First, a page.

Argentine markets bucked the dismal three-day losing streak on Thursday, amid signs of political compromise and a new central bank measure to prop up the embattled currency.
Latin American stocks were flat on Monday, partly subdued by delays in important pension reform in Brazil, while currencies in the region rose against a weak dollar but Argentina's peso hovered around record-low levels on political uncertainty and the highest country risk so far this year.
The Brazilian currency dipped under four Real to the dollar for the first time in five weeks at close on Thursday as the markets reacted favorably to the emergence of two clear presidential election frontrunners. The Real closed at 3.99 to the US dollar just two weeks after hitting a record low of almost 4.2 to the dollar -- it's lost around 17% since the start of the year.
President Mauricio Macri said on Monday that Argentina was close to a deal with the International Monetary Fund to bolster a US$ 50 billion credit line, while a government source said US$ 3-US$ 5 billion in additional funds could be announced this week.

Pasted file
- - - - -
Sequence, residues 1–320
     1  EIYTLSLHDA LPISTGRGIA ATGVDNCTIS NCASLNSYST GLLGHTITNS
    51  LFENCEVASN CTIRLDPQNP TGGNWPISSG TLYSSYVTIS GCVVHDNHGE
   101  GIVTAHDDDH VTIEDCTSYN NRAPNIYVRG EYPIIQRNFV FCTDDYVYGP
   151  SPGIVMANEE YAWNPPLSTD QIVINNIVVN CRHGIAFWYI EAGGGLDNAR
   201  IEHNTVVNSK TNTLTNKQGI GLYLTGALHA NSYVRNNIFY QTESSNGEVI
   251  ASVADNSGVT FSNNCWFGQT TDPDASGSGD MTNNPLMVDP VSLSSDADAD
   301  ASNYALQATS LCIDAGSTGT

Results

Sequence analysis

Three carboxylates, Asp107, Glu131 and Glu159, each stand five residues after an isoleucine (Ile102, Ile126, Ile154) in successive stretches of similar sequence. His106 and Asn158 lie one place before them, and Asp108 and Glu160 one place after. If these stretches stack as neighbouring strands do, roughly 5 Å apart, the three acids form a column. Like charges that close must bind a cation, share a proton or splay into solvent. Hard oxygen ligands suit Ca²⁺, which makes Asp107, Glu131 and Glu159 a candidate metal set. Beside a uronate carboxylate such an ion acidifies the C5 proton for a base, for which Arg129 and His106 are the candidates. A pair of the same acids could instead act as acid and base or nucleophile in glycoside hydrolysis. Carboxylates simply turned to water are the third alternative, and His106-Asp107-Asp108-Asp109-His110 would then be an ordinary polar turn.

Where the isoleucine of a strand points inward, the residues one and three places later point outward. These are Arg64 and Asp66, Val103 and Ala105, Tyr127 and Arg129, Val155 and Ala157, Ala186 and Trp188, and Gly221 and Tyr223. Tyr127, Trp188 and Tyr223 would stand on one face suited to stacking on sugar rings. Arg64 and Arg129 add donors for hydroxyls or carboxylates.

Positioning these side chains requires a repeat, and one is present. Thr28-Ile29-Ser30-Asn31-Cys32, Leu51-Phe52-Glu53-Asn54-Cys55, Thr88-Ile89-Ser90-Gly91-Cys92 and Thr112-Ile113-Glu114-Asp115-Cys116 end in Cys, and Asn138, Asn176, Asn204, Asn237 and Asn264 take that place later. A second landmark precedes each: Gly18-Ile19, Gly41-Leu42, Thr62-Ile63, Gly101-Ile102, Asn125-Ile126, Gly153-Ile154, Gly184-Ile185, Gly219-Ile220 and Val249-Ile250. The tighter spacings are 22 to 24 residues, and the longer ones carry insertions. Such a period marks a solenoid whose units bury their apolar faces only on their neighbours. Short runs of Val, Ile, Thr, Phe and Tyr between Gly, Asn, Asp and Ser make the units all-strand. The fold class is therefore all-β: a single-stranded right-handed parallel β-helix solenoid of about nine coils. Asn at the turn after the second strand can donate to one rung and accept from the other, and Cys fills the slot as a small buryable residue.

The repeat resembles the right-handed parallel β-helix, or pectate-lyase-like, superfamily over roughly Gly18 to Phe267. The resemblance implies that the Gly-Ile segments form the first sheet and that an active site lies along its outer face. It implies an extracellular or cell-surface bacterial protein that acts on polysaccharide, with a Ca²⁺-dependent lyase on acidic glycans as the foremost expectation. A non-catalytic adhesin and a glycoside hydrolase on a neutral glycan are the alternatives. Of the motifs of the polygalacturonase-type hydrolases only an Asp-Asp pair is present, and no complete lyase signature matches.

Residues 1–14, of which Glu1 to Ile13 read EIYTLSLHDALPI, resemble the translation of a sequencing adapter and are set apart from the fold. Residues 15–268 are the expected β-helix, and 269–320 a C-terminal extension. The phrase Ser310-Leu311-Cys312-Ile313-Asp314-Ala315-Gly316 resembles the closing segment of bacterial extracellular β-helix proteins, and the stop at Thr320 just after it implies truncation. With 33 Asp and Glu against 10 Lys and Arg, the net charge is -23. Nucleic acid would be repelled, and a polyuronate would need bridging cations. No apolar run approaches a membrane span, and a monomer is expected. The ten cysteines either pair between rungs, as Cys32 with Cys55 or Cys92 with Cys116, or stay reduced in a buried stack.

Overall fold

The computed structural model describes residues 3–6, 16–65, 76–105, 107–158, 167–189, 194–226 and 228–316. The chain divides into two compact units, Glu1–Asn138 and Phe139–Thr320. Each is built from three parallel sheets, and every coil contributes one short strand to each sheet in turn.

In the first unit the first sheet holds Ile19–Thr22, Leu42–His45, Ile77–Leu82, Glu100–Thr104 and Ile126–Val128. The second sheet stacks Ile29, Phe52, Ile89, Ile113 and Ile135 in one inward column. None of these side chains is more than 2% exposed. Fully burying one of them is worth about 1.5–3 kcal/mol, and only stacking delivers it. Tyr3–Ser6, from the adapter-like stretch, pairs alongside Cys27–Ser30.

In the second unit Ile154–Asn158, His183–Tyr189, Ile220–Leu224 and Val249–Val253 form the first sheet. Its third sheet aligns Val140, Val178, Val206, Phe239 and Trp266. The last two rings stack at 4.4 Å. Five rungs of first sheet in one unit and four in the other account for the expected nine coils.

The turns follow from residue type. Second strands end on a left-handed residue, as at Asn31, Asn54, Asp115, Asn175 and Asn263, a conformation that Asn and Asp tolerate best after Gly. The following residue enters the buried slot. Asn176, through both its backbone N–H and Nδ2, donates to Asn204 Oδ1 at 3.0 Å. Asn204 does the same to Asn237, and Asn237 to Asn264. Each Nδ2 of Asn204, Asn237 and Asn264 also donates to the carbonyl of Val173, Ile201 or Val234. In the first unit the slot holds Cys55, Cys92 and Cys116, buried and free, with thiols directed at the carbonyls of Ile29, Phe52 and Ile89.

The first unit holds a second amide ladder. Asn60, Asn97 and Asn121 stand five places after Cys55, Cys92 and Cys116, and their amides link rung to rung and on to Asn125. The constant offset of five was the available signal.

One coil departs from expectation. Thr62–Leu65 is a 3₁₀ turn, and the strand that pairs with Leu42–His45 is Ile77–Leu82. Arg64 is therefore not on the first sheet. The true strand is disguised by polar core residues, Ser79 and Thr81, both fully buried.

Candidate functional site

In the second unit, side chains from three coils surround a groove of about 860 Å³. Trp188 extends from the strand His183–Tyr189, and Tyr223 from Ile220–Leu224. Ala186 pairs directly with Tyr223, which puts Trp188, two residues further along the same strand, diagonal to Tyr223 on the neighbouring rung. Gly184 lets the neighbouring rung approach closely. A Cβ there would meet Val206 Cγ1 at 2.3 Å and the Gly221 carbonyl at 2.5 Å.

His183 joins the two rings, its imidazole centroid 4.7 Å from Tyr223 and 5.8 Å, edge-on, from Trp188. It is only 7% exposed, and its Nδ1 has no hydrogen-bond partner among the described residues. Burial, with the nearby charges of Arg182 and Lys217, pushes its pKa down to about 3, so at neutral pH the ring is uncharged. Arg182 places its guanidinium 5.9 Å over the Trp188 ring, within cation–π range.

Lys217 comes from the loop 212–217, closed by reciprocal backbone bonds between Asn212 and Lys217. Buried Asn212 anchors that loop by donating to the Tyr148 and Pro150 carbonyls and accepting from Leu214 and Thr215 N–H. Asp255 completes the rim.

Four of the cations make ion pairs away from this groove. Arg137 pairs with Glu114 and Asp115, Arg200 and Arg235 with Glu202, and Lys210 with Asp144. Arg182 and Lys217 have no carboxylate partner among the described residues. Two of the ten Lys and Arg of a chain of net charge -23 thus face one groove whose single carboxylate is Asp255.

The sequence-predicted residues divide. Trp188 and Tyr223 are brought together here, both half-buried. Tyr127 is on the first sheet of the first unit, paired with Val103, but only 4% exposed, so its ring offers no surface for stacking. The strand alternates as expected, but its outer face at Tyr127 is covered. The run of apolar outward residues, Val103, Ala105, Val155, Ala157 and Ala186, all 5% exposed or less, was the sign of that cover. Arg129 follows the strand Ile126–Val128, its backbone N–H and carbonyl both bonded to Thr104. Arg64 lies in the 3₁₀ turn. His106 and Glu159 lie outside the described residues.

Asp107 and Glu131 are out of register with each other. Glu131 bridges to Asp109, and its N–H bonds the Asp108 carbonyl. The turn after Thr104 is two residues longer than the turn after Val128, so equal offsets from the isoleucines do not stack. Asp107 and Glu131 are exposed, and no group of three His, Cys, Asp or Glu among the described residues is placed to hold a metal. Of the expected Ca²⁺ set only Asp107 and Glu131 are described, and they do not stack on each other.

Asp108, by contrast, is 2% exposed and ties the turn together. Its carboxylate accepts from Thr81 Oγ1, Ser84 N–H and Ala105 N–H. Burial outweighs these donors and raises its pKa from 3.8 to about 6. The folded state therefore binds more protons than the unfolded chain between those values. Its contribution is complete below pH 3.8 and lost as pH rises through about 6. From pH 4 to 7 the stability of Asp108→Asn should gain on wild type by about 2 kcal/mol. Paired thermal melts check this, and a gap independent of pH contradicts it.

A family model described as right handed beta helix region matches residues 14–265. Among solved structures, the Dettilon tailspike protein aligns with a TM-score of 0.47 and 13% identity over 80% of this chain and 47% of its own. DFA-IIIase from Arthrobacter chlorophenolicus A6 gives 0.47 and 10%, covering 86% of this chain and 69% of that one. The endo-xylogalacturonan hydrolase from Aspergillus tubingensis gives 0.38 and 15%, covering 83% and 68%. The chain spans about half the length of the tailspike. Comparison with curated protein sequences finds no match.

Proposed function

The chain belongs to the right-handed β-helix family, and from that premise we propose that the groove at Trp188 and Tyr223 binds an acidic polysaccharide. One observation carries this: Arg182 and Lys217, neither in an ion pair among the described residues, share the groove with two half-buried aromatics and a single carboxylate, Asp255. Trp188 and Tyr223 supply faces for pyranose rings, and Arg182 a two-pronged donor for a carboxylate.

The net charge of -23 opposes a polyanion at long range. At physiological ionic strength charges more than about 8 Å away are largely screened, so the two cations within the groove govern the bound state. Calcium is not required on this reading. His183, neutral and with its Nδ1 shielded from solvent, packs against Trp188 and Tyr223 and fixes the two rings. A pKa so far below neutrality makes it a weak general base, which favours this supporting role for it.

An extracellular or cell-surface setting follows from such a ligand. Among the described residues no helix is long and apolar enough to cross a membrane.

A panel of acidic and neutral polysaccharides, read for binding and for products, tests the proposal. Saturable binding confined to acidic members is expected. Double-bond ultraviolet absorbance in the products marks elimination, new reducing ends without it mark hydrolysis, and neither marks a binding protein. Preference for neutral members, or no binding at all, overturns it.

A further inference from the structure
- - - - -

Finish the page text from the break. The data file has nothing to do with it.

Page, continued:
Argentine equities and the peso both lost ground on Monday as analysts said intervention in the foreign exchange market by the nation's central bank may prove less successful than originally hoped.
The International Monetary Fund said on Thursday it aimed to wrap up talks to “strengthen” a US$ 50 billion backup financing deal with Argentina “as rapidly as possible,” as the country's peso and stocks climbed for a second straight day.
While the foreign exchange market in Argentina experienced a chaotic Thursday with no ceiling for the US dollar as locals dumped their Argentine pesos, the Argentine stock market witnessed another strong increase with the Merval index up 5.3% reaching 26.754,85 points, boosted mainly by the oil industry stocks.
Argentina’s peso currency fell 1.42% to a record low close of 30.92 per dollar on Friday, weighed down by an economy slipping into recession, high inflation and uncertainty driven by corruption investigations.
Latin American currencies fell against the dollar across the board on Wednesday as traders continued to focus on recent statements by key U.S. monetary policy makers.
Argentina’s benchmark MerVal stock index closed down 8.8% on Wednesday, its worst daily performance since early 2014, as concerns about trade tensions between the United States and China prompted a selloff across emerging market assets.